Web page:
Livial - Contraindications | Interactions | Use

This article was medically reviewed by M.Pharm, Marko Tanaskovic on August 12, 2018. To read more about an author, click here.

Livial is a drug that contains tibolone and belongs to the group of estrogens. It is metabolized in the body into the three active metabolites of which two metabolites (3-alpha-hydroxy-tibolone and 3-beta-hydroxy-tibolone) exhibit estrogenic activity. Third metabolite of this drug (delta isomer of tibolone) exhibits androgenic and progestagenic effects.

It is used as hormone replacement therapy in postmenopausal women. Postmenopausal women are faced with a decreased levels of estrogen which may cause osteoporosis (decreased bone density). Livial acts to increase the production of female sex hormone, and thus prevents the occurrence of osteoporosis.

Contraindications and precautions

Livial is contraindicated in the following conditions:

  • In women who have a history of thromboembolic events (e.g. deep vein thrombosis)
  • In women who have a high risk of heart attack or stroke
  • In women with breast or endometrial cancer
  • In women who have endometrial hyperplasia
  • In women suffering from porphyria
  • In women with severe hepatic impairment

Since this medication increases the risk of heart attack, stroke, and other thromboembolic complications, and considering that its use is associated with an increased incidence of cancer in high-risk patients, Livial should be used only in patients in which climacteric symptoms adversely affect quality of life and use of other, safer drugs for the treatment of postmenopausal symptoms, is not possible.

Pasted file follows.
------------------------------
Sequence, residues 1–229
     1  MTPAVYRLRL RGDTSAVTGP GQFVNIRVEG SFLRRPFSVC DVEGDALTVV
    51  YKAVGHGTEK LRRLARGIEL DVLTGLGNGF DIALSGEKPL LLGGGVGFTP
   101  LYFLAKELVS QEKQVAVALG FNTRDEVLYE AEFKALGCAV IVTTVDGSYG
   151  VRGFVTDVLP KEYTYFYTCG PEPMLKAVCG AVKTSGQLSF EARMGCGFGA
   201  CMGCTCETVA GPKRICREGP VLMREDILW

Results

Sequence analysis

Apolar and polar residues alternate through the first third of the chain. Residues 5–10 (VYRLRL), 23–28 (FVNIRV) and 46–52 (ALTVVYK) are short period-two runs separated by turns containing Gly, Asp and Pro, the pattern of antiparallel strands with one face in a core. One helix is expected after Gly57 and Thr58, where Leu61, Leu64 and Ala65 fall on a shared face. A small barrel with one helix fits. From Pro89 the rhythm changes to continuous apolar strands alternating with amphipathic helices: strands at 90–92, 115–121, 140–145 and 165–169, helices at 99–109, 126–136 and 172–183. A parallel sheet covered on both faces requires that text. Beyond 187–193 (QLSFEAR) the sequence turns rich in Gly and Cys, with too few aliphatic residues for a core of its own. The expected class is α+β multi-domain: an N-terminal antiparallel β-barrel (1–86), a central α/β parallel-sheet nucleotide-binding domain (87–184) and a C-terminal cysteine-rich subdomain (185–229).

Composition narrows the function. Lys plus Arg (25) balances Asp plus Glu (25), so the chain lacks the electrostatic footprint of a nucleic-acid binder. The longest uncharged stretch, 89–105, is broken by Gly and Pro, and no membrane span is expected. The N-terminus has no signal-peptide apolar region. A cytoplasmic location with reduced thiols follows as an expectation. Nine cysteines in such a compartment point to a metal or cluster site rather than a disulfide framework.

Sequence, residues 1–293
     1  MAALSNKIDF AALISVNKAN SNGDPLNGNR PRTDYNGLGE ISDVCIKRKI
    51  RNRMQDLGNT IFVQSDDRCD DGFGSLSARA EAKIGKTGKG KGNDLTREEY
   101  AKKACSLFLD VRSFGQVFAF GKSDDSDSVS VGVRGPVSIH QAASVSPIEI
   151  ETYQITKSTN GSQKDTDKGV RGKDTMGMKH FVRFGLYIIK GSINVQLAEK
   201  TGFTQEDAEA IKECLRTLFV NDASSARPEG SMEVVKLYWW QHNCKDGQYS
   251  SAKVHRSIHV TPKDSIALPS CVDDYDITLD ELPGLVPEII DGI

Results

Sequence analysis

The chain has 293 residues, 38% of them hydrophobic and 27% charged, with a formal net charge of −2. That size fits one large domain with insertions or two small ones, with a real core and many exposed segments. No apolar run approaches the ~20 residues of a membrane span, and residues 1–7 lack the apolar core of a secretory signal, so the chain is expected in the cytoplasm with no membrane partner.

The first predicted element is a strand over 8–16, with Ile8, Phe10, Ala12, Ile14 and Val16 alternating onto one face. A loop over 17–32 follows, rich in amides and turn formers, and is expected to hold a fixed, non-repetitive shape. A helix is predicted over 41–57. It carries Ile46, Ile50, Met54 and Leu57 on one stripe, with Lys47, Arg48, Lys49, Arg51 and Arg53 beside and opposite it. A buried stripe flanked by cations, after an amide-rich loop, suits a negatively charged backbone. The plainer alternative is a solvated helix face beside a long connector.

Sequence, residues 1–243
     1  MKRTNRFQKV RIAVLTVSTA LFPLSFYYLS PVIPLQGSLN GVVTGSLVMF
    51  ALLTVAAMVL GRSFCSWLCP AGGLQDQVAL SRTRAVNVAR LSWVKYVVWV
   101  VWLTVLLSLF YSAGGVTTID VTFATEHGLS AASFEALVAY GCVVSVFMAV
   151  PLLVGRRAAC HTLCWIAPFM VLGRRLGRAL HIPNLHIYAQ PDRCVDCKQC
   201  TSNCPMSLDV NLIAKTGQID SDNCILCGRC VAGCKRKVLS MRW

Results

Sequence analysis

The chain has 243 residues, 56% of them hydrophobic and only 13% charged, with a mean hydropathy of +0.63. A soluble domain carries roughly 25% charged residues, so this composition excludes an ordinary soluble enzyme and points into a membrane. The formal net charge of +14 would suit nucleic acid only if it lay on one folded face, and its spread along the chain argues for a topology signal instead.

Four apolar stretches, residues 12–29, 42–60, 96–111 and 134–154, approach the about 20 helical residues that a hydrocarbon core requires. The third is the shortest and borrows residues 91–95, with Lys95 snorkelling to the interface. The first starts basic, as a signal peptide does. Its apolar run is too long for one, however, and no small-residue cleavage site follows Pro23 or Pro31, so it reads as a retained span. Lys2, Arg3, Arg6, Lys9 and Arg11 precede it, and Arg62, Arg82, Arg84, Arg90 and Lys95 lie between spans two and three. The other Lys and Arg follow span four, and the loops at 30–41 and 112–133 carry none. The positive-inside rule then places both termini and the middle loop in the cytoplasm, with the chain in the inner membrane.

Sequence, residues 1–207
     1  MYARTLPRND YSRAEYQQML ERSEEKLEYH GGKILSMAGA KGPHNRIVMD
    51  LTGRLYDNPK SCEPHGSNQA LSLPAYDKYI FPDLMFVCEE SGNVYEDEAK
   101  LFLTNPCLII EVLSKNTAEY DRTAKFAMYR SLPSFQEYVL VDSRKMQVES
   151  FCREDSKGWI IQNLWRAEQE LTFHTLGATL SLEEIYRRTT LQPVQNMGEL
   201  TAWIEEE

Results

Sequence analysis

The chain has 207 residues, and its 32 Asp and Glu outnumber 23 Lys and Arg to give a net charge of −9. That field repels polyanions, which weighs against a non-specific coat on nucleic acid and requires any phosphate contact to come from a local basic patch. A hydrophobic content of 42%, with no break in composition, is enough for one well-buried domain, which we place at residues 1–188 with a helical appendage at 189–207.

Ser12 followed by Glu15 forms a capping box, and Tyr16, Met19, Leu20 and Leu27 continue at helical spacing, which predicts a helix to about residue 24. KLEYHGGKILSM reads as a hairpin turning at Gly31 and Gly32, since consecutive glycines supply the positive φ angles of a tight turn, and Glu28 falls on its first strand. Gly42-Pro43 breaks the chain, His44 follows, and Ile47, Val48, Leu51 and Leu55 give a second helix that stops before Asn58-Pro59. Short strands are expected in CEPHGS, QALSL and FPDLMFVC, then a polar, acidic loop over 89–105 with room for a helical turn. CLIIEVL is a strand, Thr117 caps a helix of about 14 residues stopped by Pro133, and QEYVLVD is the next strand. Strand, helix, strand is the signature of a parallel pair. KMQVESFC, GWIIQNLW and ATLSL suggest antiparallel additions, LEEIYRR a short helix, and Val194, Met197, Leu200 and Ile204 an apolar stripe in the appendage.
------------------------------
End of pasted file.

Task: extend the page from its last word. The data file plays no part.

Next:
The risk of cancer is higher if this drug is taken for a long time.

Doctors are advised to take from patients a complete personal and family medical history, to carefully consider the benefit / risk ratio and to be sure to advise women to contact a doctor if they notice any changes in the breasts.

Migraine attacks have been reported in women who were treated with this drug, and treatment should be discontinued immediately if you are experiencing severe headache.

Livial may raise your blood pressure, and regular control of blood pressure while taking this drug is recommended.

Ginsburg, J. et al have analyzed a safety profile of this drug in 301 post-menopausal women. The most common adverse event in this study was weight gain. Due to estrogen activity, this drug tends to produce edema and vaginal bleeding. If vaginal bleeding does not stop even a few months after taking the drug, then you should see your doctor.

How to take

Postmenopausal symptoms usually disappear 3-5 weeks after initiation of therapy.

The recommended dose is 2.5 mg (one tablet) daily. Take your pill every day at the same time.

Treatment should start no later than one year after the last menstrual period.

Treatment should last as short as possible.

It can be taken with meals or on an empty stomach.


Livial should not be used simultaneously with the following medicines:

  • Antiepileptic drugs that are substrates for the enzyme CYP3A4 (e.g. phenytoin, carbamazepine and phenobarbital). These drugs bind to the CYP3A4 enzyme which metabolize and eliminate Livial from the body. For this reason, the concomitant use of these drugs can significantly increase the concentration of Livial in the blood and thus leading to side effects.
  • Anticoagulants (e.g. warfarin). Livial exhibits a fibrinolytic activity, and therefore concomitant use increases the risk of bleeding.
  • Drugs used for the treatment of tuberculosis (e.g. rifampicin)
  • Antifungal drugs (itraconazole, ketoconazole and fluconazole)
  • St. John's Wort

Side effects

Livial may cause the following side effects:

  • Increased hair growth
  • Vaginal bleeding
  • Pain in the lower abdomen
  • Breast changes
  • Itching in the genital area
  • Vaginal yeast infection
  • Weight gain
  • Flatulence
  • Edema
  • Dizziness
  • Seborrheic dermatitis
  • Headache (including migraine attacks)
  • Inflammation of the joints
  • Inflammation of muscles
  • Depression


  1. NCBI link

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